A study by consumer automobile website Edmunds.com found that Americans rate “buying a car” more stressful than “getting married.”
What if you could buy a car with all the features you desire from the comfort of your own home? You’d get a low, no-haggle price and all the help you need with delivery and service, but without ever setting foot in a traditional dealership or talking to a salesman.
Well that’s happening, slowly but surely, but Cars.Com (CARS - Free Report) is not going to help you.
Though the name promises a high tech alternative to the traditional dealership model, the reality leaves much to be desired. Cars.com doesn’t sell (or buy) automobiles. They function as an intermediary between buyers and sellers - and most often the sellers are dealers.
Through its recently acquired Dealer Inspire business, the company promises a faster and easier buying process, but the sellers are still traditional dealers – albeit in sheep’s clothing.
Automakers would love to eliminate their independent dealer networks and sell direct to consumers, but numerous roadblocks have been erected over the past 100 years or so. Archaic state laws that were originally intended to protect small independent dealerships from predatory practices by manufacturers now have essentially the opposite effect, allowing well-capitalized dealer ownership groups to stand in the way of the progress desired by both automakers and consumers.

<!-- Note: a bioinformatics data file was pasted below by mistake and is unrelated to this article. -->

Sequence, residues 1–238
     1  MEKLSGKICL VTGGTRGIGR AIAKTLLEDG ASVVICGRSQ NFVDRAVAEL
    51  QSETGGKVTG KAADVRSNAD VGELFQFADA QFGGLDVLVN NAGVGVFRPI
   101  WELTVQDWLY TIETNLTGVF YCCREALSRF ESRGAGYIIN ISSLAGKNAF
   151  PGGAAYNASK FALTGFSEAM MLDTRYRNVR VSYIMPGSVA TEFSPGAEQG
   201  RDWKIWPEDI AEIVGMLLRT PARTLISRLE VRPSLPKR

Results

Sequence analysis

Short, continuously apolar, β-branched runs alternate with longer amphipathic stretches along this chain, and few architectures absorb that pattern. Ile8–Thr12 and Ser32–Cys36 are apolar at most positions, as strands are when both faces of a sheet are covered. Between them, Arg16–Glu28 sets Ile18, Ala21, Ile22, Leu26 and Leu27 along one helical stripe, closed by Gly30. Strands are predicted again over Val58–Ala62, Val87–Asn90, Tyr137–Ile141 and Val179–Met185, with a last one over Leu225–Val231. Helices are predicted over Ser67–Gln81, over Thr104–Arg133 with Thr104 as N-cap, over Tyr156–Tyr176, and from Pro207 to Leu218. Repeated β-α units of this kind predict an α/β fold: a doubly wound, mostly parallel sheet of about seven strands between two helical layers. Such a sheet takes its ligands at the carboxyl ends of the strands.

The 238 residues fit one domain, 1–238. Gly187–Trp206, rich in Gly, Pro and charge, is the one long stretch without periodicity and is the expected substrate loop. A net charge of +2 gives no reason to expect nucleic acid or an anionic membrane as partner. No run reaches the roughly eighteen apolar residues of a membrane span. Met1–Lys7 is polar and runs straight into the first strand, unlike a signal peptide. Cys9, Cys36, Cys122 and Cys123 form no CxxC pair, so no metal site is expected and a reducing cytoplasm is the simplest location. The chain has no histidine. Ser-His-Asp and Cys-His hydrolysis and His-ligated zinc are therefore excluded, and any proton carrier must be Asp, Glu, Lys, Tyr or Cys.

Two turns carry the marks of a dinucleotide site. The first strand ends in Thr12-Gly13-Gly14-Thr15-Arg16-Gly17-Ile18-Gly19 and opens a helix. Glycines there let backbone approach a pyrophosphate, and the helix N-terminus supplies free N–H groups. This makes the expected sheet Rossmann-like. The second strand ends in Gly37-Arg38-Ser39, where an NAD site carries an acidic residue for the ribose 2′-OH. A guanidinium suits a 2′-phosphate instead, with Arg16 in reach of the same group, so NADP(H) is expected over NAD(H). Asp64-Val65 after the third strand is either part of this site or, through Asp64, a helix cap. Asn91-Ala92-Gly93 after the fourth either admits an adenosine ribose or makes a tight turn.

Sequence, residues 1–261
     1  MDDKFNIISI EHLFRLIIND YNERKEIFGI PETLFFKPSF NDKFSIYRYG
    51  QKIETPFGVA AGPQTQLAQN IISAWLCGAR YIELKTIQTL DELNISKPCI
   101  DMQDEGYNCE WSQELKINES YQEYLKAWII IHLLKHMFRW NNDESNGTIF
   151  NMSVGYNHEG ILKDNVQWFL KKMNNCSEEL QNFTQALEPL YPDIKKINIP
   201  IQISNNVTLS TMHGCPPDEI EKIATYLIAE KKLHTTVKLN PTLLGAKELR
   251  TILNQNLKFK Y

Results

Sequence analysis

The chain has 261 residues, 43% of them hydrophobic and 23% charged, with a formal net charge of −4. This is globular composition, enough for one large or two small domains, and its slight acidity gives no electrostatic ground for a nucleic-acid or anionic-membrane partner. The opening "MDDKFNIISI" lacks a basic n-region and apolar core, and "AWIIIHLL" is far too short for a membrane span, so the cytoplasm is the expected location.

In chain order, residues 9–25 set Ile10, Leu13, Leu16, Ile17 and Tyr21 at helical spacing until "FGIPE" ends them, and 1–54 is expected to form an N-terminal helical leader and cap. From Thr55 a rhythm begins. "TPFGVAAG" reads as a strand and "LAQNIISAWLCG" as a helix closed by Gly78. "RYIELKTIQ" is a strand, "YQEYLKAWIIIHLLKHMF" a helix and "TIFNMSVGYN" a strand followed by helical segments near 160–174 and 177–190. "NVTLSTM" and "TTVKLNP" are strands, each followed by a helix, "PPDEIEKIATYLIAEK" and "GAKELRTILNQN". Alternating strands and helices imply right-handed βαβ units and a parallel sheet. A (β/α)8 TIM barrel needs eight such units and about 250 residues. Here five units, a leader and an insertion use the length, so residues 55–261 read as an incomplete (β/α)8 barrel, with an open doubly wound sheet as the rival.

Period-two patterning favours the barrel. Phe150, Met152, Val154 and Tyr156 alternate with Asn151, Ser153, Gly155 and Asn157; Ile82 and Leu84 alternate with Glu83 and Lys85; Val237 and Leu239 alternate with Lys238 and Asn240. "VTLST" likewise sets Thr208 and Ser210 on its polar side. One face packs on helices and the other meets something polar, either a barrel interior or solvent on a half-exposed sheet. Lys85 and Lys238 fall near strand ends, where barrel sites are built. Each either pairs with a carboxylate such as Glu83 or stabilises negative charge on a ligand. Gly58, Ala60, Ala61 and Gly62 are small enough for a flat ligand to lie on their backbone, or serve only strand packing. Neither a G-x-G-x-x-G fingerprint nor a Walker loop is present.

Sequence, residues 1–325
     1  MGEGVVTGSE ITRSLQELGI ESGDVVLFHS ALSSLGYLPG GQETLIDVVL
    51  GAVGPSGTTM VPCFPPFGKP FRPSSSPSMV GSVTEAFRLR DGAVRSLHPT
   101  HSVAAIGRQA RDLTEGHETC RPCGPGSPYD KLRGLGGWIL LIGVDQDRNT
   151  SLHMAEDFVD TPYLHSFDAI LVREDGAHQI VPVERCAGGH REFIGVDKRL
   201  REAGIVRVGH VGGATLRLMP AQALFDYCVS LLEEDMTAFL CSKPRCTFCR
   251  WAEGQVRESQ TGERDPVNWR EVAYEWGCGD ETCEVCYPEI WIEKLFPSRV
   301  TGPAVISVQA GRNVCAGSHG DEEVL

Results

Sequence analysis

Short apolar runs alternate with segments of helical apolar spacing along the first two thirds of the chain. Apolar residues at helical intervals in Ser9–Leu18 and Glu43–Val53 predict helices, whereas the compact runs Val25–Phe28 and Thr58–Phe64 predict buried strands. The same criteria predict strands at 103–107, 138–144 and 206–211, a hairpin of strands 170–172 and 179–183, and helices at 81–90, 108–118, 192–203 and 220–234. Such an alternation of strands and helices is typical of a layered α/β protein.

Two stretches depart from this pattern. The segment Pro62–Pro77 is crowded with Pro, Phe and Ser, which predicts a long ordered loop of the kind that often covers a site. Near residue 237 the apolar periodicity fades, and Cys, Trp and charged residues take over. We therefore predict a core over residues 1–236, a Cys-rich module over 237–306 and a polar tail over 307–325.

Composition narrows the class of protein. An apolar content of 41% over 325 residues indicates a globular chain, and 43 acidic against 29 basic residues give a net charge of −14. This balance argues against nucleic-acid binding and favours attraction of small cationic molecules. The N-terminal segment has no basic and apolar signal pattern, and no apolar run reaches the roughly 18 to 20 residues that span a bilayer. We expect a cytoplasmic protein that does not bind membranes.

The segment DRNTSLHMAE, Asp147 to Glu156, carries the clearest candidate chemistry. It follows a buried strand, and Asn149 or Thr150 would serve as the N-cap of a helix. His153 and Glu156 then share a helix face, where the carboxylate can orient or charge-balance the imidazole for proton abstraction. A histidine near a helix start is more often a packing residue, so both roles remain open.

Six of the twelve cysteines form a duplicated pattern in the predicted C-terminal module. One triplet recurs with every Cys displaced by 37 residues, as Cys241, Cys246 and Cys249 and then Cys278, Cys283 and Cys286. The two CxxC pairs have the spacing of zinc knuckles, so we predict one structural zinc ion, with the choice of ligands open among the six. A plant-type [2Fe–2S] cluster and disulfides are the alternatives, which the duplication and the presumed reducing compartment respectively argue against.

When Tesla (TSLA - Free Report) began selling cars directly to consumers, it wasn’t other manufacturers who objected, it was dealer networks who feared the imminent demise of their cash cows. Tesla didn’t have a legacy of restrictive contracts with dealers to keep it from selling its own autos, but – even after protracted legal battles and many victories – the company remains prohibited or restricted from selling its own vehicles in 6 US states.
It’s nothing less than an assault on the free market and it takes money out of the pockets ofconsumers and automakers alike to enrich politically connected fat-cat auto dealers.
Luckily, it looks like it’s finally coming to an end.
Automakers are preparing for a sea change in the way we buy and use automobiles and it’s not likely to involve dealer networks. Ride-sharing is already taking a big bite out of ownership figures, especially younger people, and autonomous vehicles will do the same.
Manufacturers are also experimenting with subscription services that allow consumers to drive the vehicle of their choice and make trades without ever actually taking ownership of a car. Private businesses like Flexdrive, Carma and Clutch offer similar services.
Selling advertising for auto dealers is a business with a limited future and Cars.com’s recent earnings estimate revisions exemplify the concept.
In the past 30 days, the Zacks Consensus Earnings Estimates for 2019 and 2020 have fallen 25% and 20%, respectively. Those negative revisions earn Cars.com a Zacks Rank #5 (Strong Sell).
Cars.com gets a Style score of “D” in both Value and Growth and an “F” in Momentum. It’s total VGM score is also a “D.”
That's almost the worst report card we offer at Zacks.
When an industry gives up on innovation and simply tries to suck the last bit of easy profit out of a failing model, you don’t want to touch it as an investor.
Though Cars.com sounds like a high-tech alternative, it’s really just an extension of the old dealer model that (almost) everyone would like to see gone.
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